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MTV doled out its annual MTV Movie and TV Awards last night, and Beauty and the Beast’s Emma Watson accepted the award for “Best Actor in a Movie”—the first major gender-neutral acting award.

“MTV’s move to create a genderless award for acting will mean something different to everyone,” she said. “But to me, it indicates that acting is about the ability to put yourself in someone else’s shoes. And that doesn’t need to be separated into two different categories.”

The gender-neutral award has been met with a smattering of acclaim. “Academy, take note!” wrote Variety’s Will Thorne. I think that calls for lumping male and female actors into one broad category have grown in the last year or two.

Which leaves me with a question.

Why?

Oh, admittedly, Watson’s right, of course: Acting awards don’t need to be separate. I mean, it’s not like we give separate awards to male and female directors, or cinematographers, or costume designers. And I kinda doubt that actors approach their craft any differently depending on their gender. A good role is a good role. A good performance is a good performance. Does it make any sense to divide them?

But do awards for something so subjective as acting make any real sense at all? I mean, how exactly do you decide that Casey Affleck’s tortured turn in Manchester by the Sea last year was better than Denzel Washington’s stormy bluster in Fences? Or that Emma Stone’s work in La La Land was objectively more award-worthy than that of Ruth Negga in Loving or Natalie Portman in Jackie? Is there some sort of acto-meter in play? Does the Academy hire judges to score each role? Ryan Gosling garnered all 5.8’s and 5.9’s in the script’s first 40 pages; too bad about that whiffed dismount.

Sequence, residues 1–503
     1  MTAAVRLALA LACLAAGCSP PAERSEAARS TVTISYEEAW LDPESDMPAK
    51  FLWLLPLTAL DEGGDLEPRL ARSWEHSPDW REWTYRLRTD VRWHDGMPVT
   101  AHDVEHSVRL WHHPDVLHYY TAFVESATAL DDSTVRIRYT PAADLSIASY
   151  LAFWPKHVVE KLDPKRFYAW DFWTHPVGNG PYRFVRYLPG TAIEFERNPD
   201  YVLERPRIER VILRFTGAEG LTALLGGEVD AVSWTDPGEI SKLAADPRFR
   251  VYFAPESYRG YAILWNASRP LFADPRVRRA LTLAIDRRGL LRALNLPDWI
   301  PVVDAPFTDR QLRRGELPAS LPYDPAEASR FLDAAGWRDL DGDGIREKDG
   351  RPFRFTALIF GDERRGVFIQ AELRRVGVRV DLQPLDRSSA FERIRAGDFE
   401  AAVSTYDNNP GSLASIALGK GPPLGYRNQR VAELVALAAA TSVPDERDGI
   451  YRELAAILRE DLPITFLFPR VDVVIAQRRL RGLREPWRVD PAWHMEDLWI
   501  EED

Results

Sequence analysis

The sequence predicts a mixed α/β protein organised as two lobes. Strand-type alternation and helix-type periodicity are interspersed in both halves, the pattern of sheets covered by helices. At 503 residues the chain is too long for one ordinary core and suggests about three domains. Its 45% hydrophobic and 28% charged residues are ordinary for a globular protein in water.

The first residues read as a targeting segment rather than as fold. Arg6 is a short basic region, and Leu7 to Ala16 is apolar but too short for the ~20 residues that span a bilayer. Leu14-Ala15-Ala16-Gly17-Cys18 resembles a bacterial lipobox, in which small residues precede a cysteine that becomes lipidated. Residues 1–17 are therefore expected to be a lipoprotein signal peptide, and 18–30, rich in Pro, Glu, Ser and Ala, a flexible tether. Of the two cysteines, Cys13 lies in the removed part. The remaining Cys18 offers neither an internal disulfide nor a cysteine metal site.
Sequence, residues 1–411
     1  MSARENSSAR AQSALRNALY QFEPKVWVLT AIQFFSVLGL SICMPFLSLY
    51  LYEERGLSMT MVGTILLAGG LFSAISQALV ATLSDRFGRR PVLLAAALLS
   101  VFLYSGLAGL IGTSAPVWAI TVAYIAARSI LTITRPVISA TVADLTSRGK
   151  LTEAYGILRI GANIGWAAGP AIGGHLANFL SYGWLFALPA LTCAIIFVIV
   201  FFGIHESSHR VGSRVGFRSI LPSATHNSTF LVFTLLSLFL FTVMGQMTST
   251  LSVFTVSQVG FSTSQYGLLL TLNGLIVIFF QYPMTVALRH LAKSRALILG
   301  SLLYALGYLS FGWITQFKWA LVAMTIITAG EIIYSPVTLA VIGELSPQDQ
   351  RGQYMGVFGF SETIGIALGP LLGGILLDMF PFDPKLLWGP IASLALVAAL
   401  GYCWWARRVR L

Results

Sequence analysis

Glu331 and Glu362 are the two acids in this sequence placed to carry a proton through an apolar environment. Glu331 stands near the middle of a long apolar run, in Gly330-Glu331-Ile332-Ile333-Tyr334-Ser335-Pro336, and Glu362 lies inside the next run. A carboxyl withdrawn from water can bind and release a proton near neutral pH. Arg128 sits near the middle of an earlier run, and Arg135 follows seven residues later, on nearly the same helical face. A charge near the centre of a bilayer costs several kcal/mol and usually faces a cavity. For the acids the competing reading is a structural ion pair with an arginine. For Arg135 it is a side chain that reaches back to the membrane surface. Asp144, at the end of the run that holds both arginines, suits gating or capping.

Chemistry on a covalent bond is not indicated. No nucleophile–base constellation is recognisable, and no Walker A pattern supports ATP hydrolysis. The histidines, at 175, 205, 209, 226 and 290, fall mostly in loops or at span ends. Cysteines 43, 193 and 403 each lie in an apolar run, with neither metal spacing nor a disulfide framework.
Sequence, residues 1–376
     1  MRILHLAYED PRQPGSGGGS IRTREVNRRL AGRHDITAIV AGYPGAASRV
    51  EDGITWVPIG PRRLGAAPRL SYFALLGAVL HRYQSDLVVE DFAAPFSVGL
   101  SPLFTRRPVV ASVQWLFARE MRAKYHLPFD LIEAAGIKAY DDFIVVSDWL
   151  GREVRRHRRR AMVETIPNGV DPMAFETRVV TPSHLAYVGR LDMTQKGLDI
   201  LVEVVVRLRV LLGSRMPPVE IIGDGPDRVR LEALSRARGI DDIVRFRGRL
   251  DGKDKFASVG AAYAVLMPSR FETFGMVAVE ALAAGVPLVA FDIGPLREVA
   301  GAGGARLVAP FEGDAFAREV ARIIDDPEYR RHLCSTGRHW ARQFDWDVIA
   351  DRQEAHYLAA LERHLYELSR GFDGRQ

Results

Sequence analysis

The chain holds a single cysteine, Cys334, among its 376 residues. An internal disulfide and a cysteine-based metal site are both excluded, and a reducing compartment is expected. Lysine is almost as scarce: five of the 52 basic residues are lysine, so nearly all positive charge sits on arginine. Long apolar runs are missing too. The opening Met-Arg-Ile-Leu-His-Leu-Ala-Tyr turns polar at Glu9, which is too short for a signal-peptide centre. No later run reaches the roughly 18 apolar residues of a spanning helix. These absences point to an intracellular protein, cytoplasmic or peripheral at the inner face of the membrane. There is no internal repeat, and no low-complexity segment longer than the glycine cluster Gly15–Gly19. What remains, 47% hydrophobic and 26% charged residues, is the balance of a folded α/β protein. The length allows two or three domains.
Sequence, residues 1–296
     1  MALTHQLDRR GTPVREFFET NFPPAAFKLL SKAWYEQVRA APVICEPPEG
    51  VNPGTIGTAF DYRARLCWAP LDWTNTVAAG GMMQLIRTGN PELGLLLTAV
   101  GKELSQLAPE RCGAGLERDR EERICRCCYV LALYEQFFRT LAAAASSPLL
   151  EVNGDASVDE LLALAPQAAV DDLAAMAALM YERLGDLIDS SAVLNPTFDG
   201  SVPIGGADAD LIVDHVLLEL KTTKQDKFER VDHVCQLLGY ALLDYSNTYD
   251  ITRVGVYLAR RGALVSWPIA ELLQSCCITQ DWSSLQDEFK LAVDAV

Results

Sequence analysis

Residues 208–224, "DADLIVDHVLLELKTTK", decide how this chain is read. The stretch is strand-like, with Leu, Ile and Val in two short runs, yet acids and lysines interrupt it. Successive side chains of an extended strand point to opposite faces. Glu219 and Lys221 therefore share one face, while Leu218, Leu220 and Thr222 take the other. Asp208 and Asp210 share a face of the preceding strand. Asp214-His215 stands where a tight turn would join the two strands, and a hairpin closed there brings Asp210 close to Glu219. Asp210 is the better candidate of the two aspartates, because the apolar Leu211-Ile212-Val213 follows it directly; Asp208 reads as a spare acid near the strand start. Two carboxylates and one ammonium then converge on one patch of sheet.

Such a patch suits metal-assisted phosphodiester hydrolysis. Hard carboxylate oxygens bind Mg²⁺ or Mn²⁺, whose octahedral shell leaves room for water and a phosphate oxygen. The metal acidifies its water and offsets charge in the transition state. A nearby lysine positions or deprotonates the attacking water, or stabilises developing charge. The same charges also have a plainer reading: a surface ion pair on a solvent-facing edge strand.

Acting awards are, by their very nature, a wee bit ludicrous. They don’t as much signify the year’s best performances as they simply open and feed a discussion. They’re like Top 10 lists: They add a sheen of establishment authority if you agree, and give you an opportunity to pick apart the choices if you don’t.

Awards—at least entertainment awards—are mostly entertainment in themselves. What happens when you stuff twice as many performers into one awards showcase? Half as many awards to the performers. Half as much entertainment for us. And that seems like bad business.

Admittedly, there are times when awards are about more than just a subjective measure. Sometimes, historically, they can mean something. Take 1982, when Katharine Hepburn won her record-setting fourth Best Actress Oscar and Henry Fonda—at the age of 77—won his first for Best Actor (both for On Golden Pond). In the world that Will Thorne seems to want, that history-making evening would’ve been only half as important. One would’ve lost to the other.

Do we really want to see Mahershala Ali lose to Viola Davis at the Oscars? Or somehow choose between Matthew McConaughey’s work in Dallas Buyers Club and Cate Blanchett’s in Blue Jasmine in 2013? Honestly, I’d rather see more awards handed out, not fewer. Often, I think that quality performances are overlooked because they’re done in a comedy or an action blockbuster. But let’s face it: The Oscars are plenty long as they are.

So I say leave gender in the acting awards—if, for no other reason, so that those of us who care about such things will have double the opportunity to talk about great performances.

They don’t need to be separated. But it’s more entertaining when they are.

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